Income in Retirement

When you are considering what income you will have when you retire, don’t just think about your pension because there are many other investments that can provide an income and often on a more tax efficient basis.

Whilst it is usually possible to take up to 25% of your pension pot as a tax free lump sum, the balance is taxable. Whereas you can draw from an ISA tax free and there are other investment vehicles that allow you to take money out (limits apply) without creating tax liabilities.

Here is an example:

John is 76, a retired doctor, he is widowed and has two adult children. He owns his own home valued at £300,000, a Stockbroker portfolio of £600,000, an Investment Bond of £376,388 and a Self Invested Personal Pension (SIPP) valued at £225,000. His income is as follows:

Income in Retirement

This means that he is a higher rate tax payer and currently paying income tax of £7,154.


It makes sense to stop the taxable income being received from the Self Invested Personal Pension and rearrange the shares so that the yield is within the dividend allowance. Switching the ISA investments to higher yielding funds will provide a tax free income. John also has an Investment Bond from which he can draw money and this will not be counted as taxable income.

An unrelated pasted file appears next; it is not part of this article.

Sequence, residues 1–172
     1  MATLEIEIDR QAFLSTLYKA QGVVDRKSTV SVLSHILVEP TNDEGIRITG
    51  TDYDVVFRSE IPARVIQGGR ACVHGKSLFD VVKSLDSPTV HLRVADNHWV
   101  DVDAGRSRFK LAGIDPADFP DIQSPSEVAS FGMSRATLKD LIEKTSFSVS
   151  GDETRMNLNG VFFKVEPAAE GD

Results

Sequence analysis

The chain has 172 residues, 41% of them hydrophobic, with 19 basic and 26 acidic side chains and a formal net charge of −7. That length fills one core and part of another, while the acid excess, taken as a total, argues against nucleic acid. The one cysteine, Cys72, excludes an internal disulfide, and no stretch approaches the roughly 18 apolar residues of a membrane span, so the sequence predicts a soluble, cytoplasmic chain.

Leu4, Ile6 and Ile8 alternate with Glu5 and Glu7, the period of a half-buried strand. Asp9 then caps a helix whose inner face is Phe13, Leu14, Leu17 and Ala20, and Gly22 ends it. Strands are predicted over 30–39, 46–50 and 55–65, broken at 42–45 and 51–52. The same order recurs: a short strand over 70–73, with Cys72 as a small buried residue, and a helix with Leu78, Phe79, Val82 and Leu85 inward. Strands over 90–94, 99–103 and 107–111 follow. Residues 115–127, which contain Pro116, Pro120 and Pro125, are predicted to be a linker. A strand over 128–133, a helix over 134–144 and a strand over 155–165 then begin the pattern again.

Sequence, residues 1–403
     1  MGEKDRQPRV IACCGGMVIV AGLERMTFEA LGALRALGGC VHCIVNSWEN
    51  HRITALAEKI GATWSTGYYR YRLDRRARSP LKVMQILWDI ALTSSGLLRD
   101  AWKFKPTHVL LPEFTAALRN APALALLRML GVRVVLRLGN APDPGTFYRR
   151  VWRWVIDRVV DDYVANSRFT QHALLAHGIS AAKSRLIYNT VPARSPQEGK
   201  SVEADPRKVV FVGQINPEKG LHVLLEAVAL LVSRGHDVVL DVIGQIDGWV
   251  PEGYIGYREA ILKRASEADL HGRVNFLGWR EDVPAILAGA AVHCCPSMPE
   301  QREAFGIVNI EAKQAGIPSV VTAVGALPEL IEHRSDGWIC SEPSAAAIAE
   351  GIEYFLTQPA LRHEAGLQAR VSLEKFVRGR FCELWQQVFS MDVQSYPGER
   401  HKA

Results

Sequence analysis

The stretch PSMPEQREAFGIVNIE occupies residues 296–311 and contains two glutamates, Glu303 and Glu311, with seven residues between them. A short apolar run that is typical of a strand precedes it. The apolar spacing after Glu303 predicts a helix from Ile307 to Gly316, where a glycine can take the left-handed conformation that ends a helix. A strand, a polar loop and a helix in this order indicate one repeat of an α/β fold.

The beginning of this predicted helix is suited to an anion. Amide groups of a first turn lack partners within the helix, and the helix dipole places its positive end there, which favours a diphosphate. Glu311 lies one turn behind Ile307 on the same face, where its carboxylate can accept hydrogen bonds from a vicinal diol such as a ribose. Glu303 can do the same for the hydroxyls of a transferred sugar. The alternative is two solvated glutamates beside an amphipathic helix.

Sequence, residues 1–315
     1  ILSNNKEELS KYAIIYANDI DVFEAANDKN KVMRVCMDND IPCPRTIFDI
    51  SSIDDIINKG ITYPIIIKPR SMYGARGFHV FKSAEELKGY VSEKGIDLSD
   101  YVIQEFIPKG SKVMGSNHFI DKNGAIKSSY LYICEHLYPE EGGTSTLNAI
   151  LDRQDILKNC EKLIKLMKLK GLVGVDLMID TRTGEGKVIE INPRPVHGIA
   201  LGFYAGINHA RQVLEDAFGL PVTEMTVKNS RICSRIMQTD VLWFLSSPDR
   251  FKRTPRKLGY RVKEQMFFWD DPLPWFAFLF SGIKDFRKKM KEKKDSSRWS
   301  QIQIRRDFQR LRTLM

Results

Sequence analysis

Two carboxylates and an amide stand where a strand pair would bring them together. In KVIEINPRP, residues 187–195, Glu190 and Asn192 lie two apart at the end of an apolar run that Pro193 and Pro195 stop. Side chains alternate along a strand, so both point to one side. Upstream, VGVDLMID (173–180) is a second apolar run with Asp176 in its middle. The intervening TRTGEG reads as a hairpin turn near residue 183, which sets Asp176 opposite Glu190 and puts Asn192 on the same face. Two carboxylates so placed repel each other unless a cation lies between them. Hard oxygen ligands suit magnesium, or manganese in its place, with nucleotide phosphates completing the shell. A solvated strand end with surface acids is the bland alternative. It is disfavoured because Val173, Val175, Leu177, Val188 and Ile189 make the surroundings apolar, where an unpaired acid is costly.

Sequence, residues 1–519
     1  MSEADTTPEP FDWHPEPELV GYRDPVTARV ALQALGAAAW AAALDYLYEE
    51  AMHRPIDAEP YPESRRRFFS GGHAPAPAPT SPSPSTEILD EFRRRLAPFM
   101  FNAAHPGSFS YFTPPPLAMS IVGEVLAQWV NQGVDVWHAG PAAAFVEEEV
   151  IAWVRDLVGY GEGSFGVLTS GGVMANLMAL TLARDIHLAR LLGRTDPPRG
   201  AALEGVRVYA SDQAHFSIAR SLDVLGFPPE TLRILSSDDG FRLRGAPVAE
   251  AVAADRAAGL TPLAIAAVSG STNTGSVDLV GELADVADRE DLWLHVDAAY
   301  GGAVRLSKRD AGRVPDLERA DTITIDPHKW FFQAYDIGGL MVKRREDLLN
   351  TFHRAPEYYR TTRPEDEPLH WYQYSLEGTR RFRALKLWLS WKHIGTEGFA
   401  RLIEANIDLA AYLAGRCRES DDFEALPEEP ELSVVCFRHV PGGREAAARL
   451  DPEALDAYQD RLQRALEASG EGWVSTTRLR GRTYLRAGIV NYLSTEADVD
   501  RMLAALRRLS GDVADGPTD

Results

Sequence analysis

Following the reorganisation income was obtained as follows:

Income in retirement

Income in retirement

This means that he is now a basic rate tax payer and his income tax liability has reduced to £1,984.

The other advantage is that John’s SIPP can continue to grow and will not be included in his estate for IHT purposes.

So this strategy increases his income, reduces his tax and could increase the amount of money his children will receive on his eventual death.

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